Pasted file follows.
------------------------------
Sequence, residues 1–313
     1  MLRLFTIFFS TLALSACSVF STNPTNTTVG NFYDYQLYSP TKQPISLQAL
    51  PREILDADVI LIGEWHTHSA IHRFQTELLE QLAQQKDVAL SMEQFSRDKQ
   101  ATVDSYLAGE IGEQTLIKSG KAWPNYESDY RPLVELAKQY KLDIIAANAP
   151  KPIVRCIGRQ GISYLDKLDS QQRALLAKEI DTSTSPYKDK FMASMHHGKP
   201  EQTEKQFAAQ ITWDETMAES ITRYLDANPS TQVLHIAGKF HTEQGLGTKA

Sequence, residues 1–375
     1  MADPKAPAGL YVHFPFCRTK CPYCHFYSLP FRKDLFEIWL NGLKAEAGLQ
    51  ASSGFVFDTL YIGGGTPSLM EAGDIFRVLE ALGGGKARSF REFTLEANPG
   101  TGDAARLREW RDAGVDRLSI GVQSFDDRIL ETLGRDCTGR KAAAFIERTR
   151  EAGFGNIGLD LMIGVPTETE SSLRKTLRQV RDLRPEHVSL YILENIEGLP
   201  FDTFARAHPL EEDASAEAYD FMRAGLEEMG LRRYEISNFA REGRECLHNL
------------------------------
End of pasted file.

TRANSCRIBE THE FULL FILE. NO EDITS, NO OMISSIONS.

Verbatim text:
Sequence, residues 1–313
     1  MLRLFTIFFS TLALSACSVF STNPTNTTVG NFYDYQLYSP TKQPISLQAL
    51  PREILDADVI LIGEWHTHSA IHRFQTELLE QLAQQKDVAL SMEQFSRDKQ
   101  ATVDSYLAGE IGEQTLIKSG KAWPNYESDY RPLVELAKQY KLDIIAANAP
   151  KPIVRCIGRQ GISYLDKLDS QQRALLAKEI DTSTSPYKDK FMASMHHGKP
   201  EQTEKQFAAQ ITWDETMAES ITRYLDANPS TQVLHIAGKF HTEQGLGTKA

Sequence, residues 1–375
     1  MADPKAPAGL YVHFPFCRTK CPYCHFYSLP FRKDLFEIWL NGLKAEAGLQ
    51  ASSGFVFDTL YIGGGTPSLM EAGDIFRVLE ALGGGKARSF REFTLEANPG
   101  TGDAARLREW RDAGVDRLSI GVQSFDDRIL ETLGRDCTGR KAAAFIERTR
   151  EAGFGNIGLD LMIGVPTETE SSLRKTLRQV RDLRPEHVSL YILENIEGLP
   201  FDTFARAHPL EEDASAEAYD FMRAGLEEMG LRRYEISNFA REGRECLHNL